The world bank In its latest edition of the “South Asia Economic Focus, Exports Wanted”, highlighted that Pakistan’s GDP growth is projected to slow down to 3.4 percent in fiscal year 2018-19, from 5.8 percent a year before, and to 2.7 percent in FY2019-20.
“In Pakistan, external account pressure reduced international reserves to USD 6.6 billion (1.3 months of goods and services import coverage) by mid-January 2019. With short-term financing from the Kingdom of Saudi Arabia, the United Arab Emirates and China, international reserves increased to USD 10.5 billion (2.0 months of goods and services import coverage) at the end of March. Meanwhile, the government continues to negotiate a support package with the International Monetary Fund,” the report stated.
“The current account deficit continued to widen but stabilized over the course of last year and it stood at 5.2 percent of GDP in the fourth quarter of 2018. The current account deficit reached 8.8 USD billion (3.3 percent of GDP) at the end of February 2019, compared to 11.4 USD billion (3.7 percent of GDP) the year before.”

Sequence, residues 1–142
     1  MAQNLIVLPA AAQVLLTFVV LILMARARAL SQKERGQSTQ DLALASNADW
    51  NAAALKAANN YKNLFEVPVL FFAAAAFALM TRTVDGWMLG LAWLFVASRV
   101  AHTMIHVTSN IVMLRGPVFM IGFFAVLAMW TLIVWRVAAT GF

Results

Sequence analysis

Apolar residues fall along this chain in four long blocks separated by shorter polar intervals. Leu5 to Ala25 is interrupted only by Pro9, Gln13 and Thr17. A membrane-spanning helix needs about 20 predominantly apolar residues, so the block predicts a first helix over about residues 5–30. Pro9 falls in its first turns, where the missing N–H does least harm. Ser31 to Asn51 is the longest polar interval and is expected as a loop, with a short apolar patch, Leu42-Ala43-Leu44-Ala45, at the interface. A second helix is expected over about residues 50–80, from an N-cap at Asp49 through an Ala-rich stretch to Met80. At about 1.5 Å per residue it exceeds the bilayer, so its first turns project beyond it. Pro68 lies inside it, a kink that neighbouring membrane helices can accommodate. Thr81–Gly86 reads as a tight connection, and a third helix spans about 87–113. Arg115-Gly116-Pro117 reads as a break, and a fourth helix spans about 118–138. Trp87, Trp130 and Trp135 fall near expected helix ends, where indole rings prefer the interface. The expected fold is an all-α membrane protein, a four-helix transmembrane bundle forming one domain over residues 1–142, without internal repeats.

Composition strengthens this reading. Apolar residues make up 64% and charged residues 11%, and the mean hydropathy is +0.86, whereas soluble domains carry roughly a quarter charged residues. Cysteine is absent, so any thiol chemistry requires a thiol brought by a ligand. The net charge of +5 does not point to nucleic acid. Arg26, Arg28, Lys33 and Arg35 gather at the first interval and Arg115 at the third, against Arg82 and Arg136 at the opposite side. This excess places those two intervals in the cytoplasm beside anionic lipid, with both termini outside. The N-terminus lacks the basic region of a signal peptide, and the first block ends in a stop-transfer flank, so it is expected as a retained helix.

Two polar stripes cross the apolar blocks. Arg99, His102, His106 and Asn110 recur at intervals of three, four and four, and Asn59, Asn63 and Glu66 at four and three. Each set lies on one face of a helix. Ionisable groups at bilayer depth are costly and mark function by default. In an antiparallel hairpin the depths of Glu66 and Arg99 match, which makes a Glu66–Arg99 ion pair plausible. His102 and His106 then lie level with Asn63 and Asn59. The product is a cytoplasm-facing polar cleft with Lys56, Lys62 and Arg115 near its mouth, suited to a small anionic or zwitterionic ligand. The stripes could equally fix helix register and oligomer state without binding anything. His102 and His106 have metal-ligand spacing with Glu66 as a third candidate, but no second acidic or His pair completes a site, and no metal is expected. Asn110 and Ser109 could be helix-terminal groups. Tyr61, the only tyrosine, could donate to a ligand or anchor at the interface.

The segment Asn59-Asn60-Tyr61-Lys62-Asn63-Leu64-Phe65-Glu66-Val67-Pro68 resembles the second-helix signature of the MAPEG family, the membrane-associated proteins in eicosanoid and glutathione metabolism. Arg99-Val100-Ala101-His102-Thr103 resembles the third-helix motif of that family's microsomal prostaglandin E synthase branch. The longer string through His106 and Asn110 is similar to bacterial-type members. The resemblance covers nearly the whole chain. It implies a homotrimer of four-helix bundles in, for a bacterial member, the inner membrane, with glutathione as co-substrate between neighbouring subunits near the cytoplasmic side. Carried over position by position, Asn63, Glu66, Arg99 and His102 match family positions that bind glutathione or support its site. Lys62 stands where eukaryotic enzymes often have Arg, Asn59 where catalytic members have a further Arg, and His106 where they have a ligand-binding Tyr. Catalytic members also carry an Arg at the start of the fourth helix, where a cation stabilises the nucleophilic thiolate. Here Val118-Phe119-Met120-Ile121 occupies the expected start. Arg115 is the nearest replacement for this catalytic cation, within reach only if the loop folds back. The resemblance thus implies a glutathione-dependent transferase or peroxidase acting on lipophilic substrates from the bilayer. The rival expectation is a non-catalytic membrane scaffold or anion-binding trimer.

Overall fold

“Growth is expected to recover to 4 percent in FY21 as structural reforms take effect and macroeconomic conditions improve. Remittances flows are likely to support the current account balance next year’, the report added. “Pakistan’s growth must be driven by investment and productivity, which will put an end to the boom and bust cycles that affect the country every few years,” said Illango Patchamuthu, World Bank Country Director for Pakistan.
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